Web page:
OPINION BY NATALIE MAHER
A mere three weeks ago, COVID-19, the novel coronavirus, seemed distant to many. Students hoped it would come so they would get off school, while adults viewed it as more of a nuisance. There was no need for concern.
Fast forward to present day, and a completely different story is being played out. The public has begun to panic. It started with toilet paper. Businesses and stores quickly began to run out of this necessity. People began buying in bulk, without even thinking of the consequences or how this would affect other people. The same story can be told for hand sanitizer. Some people bought it with no other plans but to use it, while others bought it in hopes of selling it.
People began price-gouging. Price-gouging is when consumers buy a lot or even some of a certain product with the intent of selling them for a higher price than they were originally purchased at.
During this time people are going to have to make sacrifices. While some may be voluntary, others are going to become mandatory. These sacrifices may look different depending on the age group.
“They have to understand they’re going to have to give up things like going out and spending time with friends like usual,” stated Madison Bidinger, a junior at Wadsworth High School.
One of the sacrifices that many shoppers have certainly noticed is that stores have begun limiting the amount of an item you can buy to one or two per customer.
Big companies, other than stores, have had to begin making choices as well. Streaming services such as Netflix have begun taking steps to lessen the blow on their servers.
In Europe, Netflix, followed by Disney and Apple, have lowered their streaming quality since more people are spending more time using the services during quarantine. Many believe these entertainment providers will soon do the same in the US.
Users will not have a choice on whether or not their quality will be reduced. It is an action these companies are beginning to take and enforce.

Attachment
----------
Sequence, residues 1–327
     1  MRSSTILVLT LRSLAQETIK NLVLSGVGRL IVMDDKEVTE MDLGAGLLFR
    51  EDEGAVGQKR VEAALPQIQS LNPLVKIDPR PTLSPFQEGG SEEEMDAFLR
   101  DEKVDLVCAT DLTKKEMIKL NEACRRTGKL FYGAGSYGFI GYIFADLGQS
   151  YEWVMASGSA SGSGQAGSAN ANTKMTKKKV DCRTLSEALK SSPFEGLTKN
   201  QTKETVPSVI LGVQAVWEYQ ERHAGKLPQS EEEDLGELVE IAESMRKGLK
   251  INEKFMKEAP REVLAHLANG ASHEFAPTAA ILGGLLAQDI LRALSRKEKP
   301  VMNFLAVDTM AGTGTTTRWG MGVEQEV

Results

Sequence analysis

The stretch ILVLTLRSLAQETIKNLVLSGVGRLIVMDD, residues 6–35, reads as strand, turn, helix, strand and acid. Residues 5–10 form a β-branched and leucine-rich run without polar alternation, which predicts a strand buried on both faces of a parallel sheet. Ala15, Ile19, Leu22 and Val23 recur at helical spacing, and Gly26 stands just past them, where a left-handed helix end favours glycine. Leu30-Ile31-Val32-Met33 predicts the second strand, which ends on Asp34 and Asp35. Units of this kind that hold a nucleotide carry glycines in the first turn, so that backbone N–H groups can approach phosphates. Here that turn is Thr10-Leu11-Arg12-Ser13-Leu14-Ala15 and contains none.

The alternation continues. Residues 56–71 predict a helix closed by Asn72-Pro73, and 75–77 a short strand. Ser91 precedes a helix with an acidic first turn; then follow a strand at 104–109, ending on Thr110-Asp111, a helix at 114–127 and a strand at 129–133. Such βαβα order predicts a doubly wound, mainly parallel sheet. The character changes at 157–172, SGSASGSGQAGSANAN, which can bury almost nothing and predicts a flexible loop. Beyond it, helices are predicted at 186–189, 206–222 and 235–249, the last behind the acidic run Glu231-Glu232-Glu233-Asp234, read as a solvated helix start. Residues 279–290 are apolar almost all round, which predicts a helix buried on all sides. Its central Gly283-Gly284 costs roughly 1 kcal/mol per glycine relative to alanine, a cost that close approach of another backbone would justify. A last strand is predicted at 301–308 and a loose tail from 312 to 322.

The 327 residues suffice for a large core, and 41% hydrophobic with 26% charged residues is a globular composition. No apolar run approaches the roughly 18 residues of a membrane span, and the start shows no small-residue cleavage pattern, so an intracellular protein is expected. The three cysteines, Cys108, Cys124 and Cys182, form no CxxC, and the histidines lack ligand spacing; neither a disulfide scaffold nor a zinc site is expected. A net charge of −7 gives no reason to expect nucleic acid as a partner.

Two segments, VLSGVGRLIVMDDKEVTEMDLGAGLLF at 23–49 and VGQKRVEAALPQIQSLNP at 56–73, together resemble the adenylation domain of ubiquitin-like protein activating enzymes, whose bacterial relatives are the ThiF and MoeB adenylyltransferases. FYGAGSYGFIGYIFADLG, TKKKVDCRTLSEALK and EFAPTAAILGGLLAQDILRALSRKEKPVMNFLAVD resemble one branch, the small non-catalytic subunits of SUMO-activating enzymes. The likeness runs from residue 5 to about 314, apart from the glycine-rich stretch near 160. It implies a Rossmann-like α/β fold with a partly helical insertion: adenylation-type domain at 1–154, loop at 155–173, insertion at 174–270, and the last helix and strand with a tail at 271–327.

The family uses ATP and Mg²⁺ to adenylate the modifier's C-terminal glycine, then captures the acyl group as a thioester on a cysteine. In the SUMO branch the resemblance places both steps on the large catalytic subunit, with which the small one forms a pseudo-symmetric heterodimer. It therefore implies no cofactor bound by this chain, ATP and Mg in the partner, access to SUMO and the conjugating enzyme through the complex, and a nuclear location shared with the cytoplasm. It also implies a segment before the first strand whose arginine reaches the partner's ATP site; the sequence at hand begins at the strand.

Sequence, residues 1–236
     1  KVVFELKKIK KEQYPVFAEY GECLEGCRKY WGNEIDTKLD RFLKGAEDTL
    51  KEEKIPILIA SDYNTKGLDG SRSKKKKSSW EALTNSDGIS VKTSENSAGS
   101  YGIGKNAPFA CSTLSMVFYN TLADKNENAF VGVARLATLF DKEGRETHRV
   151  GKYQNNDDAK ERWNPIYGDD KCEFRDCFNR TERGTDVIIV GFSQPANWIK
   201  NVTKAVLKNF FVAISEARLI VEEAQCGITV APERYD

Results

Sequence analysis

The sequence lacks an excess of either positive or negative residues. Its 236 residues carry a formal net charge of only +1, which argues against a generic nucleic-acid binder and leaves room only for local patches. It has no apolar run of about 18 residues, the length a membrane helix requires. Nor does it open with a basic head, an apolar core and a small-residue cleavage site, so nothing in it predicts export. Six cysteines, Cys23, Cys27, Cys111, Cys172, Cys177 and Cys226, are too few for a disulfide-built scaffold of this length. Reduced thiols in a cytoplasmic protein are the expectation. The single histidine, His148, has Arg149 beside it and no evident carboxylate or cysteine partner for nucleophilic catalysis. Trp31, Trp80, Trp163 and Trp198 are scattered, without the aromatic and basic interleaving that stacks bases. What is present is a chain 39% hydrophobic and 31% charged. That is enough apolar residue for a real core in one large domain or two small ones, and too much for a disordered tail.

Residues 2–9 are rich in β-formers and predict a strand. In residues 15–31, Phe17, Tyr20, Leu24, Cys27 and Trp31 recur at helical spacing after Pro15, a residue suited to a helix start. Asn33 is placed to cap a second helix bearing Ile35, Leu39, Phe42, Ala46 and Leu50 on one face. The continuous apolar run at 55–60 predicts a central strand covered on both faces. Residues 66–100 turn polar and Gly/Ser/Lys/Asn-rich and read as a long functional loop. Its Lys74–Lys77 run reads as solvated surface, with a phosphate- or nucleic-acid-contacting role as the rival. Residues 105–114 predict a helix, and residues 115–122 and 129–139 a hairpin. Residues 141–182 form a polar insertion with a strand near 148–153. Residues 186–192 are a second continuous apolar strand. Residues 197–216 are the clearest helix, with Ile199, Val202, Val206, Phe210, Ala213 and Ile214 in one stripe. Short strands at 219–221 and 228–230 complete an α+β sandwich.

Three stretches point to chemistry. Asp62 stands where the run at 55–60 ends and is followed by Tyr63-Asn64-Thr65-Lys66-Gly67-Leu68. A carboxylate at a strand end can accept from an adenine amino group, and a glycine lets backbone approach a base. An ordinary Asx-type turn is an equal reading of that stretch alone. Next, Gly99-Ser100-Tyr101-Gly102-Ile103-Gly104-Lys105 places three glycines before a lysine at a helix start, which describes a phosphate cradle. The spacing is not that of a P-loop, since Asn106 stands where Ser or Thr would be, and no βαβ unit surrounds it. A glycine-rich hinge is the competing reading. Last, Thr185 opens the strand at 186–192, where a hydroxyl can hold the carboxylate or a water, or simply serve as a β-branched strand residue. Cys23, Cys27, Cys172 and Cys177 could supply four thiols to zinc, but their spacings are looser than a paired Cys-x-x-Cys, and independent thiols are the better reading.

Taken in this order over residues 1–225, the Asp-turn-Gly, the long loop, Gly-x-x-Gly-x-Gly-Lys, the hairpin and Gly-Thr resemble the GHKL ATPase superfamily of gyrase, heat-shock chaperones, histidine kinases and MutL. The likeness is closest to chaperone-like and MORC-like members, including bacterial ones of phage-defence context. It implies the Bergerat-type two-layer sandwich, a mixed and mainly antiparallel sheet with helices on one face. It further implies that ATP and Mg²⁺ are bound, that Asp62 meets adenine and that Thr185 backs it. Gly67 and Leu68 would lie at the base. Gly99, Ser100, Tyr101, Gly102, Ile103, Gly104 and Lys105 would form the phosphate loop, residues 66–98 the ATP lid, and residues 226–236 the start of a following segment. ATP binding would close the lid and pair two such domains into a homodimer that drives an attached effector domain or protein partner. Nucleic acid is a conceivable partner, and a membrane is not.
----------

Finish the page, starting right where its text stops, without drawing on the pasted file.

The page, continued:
During this time, people around our community have been making choices for the better of the public on their own, while others have not given a thought to how their actions are affecting others, and the group most to blame is teenagers.
“I don’t think some kids our age understand that this isn’t a vacation and it’s actually a serious situation,” said Bidinger.
While there are steps major corporations are taking, there are things we as a community could do to help:
1. Be smart shoppers. If you do not need an item, do not buy it. Do not buy out of panic. Remember when you are shopping you are not the only person who may need an item. Items that do not already have a limit, limit yourself.
2. Follow the regulations set by the CDC (Centers for Disease Control and Prevention) and the state. Your friends can wait, do not congregate in big groups. For young people, remember you are not a major at-risk group but you can spread the virus throughout the community.
3. Help the at-risk groups. Offer to pick up groceries for those who do not feel comfortable going to the store.
4. Stay home as much as possible. Do not go out to just go out. Remember we are all in this together. You are not alone.